When Krewella posted their new single yesterday, the rock-inspired, Garbage-and-Justice-channeling "Somewhere to Run," a flurry of YouTube commenters immediately challenged the group's credibility as producers in the wake of former bandmate's Kris Trindl departure last year. The attacks by the internet's greatest troll community were not new: the dude was the producer, these girls are just figureheads, say the haters. What an eye-rolling way to start the last week of Women's History Month.
Krewella is hardly the only target of sexism within dance music. In an op-ed yesterday on Pitchfork, Philip Sherburne decried what he called "EDM's problem with women," citing the anatomically bereft torsos of cover models from OWSLA's latest compilation as an example of how women's bodies are being objectified by mainstream dance music.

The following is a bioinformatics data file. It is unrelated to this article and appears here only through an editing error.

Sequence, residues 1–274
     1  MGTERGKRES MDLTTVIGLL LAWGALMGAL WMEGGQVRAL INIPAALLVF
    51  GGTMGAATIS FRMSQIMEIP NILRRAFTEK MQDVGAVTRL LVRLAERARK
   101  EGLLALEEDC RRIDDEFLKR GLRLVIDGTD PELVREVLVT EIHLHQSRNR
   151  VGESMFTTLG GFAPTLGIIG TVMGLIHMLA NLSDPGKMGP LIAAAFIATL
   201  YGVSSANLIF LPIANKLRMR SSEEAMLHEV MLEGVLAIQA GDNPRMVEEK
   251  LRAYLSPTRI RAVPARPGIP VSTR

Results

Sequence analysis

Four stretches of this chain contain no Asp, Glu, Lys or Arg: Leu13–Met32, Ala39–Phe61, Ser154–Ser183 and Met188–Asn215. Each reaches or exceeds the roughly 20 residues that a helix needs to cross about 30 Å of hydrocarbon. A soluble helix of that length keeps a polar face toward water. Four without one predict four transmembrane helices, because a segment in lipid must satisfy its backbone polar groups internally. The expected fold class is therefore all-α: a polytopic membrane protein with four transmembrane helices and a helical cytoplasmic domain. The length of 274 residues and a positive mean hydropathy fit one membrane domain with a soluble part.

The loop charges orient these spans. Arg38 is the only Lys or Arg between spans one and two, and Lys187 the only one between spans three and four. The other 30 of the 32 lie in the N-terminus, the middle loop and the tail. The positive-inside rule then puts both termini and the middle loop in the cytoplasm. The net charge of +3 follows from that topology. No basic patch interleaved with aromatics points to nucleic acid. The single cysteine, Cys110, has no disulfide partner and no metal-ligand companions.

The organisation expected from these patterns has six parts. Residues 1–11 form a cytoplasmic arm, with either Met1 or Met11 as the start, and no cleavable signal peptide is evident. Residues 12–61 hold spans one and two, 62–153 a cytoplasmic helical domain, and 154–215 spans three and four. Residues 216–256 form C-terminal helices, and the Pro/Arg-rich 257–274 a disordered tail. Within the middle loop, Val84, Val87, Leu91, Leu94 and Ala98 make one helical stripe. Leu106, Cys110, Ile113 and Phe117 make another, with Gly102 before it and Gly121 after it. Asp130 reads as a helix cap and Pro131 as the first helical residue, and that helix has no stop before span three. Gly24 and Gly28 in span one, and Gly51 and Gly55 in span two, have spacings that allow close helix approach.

While OWSLA head Skrillex is ostensibly responsible for his label's comp cover, he's a minor offender of women's rights compared to his Jack Ü bandmate and BFF Diplo. Were it not for his undeniable chops as a producer, Diplo's greatest legacy just might be the ways in which he incorporates the female posterior into his work, often women of color. From the "Pon de Floor" video to "Dat a Freak" which became the base track for J.Lo's "Booty," Diplo has made his appreciation for women's butts—particularly women of color—a central part of his public image (along with intermittent online bullying of women from Taylor Swift to private citizens).